This way you can avoid deep-copying of data structures… Is that right?

I see. Interesting! Thanks!

I’ve been using the following:

[codebox]struct xs


//these are micros

float * rad_cap;

float * fission;

float * elastic;

float * inelastic;

float * Emesh;

legendres coeffs;

float a,b,c,d;

int mesh_length;


struct xsinfo


xs* cross_sec;

int *list;

int listlength;


With deep copies. This came because I was mostly porting a code, I think I would have done this differently had I started from scratch on the gpu though. Man it was a pain to copy that data structure to the gpu, including the data being pointed to by the xs*…

This is exactly the kind of stuff that I was looking for… Deep copies… They can really fry the programmer :-)

struct xsinfo


   xs* cross_sec;	

   int *list;	

   int listlength;


In the structure above, how many entries did “cross_sec” have? Was it an array of size “listLength”? OR Just a reference to a single structure?

Can you tell what kind of application it is (like gaming, FEA or physics simulation etc…)?

THANKS a LOT for posting!

And, I have the same exact opinion as you. Only porting projects would pose such challenges. Thanks!

Best Regards,


Yes, this is for a Chess Engine in CUDA.

It is NOT a try to port classical CPU Chess Engine to GPU, but instead to port classical Chess Engines Algorithms on a GPU, with algorithms devised for the GPU, and multi-threading organized around the different context-level of a CUDA GPU (Scalar Processor/Multi Processor/GPU/Multi-GPU on a PC), their weaknesses and incredible strengths.

Hashtable is classical in chess computer, so I need it to accelerate computations in end-game situations. Or at least find an implementation that will be stisfying in term of performance on a GPU :-)

And I need FIFO Queues of all sorts for thread communication, trying to avoid using Atomic functions as much as possible (too ssllloooowwwwww).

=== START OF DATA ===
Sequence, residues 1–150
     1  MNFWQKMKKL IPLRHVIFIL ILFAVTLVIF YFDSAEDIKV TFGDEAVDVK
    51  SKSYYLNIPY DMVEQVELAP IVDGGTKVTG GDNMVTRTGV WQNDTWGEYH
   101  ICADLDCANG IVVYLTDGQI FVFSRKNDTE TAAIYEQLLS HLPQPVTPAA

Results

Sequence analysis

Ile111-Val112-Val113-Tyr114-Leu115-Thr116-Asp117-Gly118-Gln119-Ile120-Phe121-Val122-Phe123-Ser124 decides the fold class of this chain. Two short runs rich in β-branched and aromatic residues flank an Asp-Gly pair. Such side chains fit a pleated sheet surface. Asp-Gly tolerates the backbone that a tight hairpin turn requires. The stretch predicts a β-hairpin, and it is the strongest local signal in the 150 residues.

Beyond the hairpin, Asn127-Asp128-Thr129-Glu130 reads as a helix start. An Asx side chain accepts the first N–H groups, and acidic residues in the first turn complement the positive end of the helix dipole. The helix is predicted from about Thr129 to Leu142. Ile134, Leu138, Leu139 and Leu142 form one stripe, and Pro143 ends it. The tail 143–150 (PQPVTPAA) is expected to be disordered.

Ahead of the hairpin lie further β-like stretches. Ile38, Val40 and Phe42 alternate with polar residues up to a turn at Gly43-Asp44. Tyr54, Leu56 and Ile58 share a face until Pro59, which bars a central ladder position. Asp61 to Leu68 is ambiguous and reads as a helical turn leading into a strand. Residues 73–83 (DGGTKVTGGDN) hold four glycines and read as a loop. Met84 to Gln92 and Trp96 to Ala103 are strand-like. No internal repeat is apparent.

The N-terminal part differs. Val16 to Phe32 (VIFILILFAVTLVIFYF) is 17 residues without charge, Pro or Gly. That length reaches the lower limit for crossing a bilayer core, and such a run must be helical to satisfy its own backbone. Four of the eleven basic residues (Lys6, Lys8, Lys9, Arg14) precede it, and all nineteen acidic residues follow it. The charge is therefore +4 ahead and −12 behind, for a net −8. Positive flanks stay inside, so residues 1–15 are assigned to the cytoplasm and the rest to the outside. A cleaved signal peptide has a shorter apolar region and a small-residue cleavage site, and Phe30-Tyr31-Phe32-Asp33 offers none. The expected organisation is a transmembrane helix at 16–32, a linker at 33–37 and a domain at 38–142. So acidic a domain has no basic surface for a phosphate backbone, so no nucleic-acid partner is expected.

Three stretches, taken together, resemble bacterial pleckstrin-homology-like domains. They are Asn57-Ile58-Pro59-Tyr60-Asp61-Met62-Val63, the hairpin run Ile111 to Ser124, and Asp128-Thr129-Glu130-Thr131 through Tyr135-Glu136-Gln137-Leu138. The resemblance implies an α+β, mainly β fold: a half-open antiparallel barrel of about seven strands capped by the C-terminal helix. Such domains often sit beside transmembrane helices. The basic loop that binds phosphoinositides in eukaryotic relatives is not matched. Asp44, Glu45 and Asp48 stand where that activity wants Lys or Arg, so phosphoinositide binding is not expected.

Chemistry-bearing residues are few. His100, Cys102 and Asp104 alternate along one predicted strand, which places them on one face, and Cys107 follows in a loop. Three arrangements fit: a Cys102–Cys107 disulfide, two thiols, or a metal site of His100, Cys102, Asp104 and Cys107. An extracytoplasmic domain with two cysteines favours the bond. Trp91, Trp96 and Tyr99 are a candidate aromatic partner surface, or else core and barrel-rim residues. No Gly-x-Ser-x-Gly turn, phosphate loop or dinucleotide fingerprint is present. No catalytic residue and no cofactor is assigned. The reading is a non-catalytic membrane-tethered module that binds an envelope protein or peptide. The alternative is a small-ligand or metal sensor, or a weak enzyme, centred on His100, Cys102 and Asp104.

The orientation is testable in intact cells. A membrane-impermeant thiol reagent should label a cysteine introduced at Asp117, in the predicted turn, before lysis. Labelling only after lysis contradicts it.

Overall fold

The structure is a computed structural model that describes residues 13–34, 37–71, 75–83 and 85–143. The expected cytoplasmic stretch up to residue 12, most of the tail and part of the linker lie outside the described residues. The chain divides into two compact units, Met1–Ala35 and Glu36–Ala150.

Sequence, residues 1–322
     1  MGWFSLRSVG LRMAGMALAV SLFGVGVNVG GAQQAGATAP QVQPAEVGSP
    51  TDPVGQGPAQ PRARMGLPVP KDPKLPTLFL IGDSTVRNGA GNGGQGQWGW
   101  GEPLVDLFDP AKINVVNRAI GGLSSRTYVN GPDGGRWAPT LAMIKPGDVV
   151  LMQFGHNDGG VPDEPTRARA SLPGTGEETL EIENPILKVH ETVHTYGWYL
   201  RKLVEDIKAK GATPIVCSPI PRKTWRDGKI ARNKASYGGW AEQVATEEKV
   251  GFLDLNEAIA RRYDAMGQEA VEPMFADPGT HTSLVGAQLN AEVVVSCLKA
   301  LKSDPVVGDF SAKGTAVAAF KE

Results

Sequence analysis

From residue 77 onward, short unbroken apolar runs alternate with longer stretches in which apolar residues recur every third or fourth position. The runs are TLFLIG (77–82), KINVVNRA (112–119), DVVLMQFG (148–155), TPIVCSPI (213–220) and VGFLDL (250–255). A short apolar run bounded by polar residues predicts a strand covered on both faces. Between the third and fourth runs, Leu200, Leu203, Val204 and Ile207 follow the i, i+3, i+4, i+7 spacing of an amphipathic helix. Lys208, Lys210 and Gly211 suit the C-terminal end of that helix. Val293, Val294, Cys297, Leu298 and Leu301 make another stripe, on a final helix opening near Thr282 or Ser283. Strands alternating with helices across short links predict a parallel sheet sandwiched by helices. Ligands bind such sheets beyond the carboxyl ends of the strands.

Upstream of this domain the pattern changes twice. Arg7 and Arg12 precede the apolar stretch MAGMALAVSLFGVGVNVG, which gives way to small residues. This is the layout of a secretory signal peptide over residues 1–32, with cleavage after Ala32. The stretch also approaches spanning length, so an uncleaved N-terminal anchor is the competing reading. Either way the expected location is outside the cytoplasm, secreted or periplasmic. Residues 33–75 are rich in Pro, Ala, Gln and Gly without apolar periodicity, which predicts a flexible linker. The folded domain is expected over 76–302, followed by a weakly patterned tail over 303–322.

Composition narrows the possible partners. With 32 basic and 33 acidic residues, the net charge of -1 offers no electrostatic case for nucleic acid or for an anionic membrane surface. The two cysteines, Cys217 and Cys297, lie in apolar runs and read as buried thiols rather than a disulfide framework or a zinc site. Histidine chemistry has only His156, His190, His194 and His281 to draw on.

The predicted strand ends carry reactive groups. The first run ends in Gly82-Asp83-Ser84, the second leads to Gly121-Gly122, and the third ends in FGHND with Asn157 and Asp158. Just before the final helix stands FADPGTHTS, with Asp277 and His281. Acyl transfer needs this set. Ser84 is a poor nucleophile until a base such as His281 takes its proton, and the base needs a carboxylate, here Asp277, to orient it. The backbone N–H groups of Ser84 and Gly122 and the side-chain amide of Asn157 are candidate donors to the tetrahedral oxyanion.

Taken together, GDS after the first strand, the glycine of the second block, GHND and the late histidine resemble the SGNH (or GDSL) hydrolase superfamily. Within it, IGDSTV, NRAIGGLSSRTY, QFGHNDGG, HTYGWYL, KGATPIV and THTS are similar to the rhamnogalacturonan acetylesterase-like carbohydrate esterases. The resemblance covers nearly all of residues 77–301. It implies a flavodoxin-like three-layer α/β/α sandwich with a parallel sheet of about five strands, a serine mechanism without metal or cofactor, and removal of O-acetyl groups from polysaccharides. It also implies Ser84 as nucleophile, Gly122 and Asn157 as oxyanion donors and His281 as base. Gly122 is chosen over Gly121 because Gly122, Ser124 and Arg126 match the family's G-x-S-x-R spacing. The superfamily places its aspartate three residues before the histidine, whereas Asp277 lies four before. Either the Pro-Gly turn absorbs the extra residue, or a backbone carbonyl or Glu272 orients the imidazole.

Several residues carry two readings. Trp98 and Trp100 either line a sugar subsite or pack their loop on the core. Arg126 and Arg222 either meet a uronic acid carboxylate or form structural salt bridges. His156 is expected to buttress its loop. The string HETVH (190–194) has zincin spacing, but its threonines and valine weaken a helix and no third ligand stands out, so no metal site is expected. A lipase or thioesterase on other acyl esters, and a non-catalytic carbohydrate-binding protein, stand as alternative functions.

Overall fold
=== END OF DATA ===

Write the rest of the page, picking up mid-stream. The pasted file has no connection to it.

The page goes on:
More or less, my texture is basically one big array of ‘nodes’ in the tree, and instead of having left/right child pointers, I have indices (which reference the texture).

Avoids pointer issues - making the code more portable overall (can copy the same data structure between almost any architecture seamlessly with no intermediate fixes required, be it CPU<->CUDA<->OpenCL).

Not quite, the hash tables are actually generated on the GPU (using smem/gmem), and then later on in another kernel referenced as textures. But I still use the same methodology as I do with the trees (avoiding pointers, using indices).

Yup! :) But the down side is, depending on the structure - it’s not easy to add/remove elements - while maintaining any sane ordering of elements to take advantage of the texture cache (as I know how I’m going to index the data, order-wise).

Hi Sarnath.

Trust me, I’ve been frying, all weekend and today to be exact. This is a physics simulation code.

Cross_sec is malloc’ed (cudamalloc) to be < 20 (could be larger but I dont think I’ll ever use more), and each of those <20 elements then points to a xs struct. These xs struct member vars (fission, rad_cap, etc…) are malloced to be anywhere from 100-33,000 elements long.

Any more information I can give you?



Thanks for your answers… While using atomics, one need to make sure that one representative thread from each block fights the block-level lock.
And then threads inside the block, fight for a shared memory lock before one thread finally gets exclusive access.
This way, it works faster. If you allow all threads to fight for the lock, it will be very very sloooooooooooowwww. I am sure you know this info. Just my 2 cents…

Nice to know. It is really a smart way of doing things!

@Adam (laxsu19),
Thanks for the info. I just wanted to know if there are people suffering from this problem… Good to know there are areas which require all these deeeeeep-copies. Good Luck!

Thanks a lot for all your time!

Best Regards,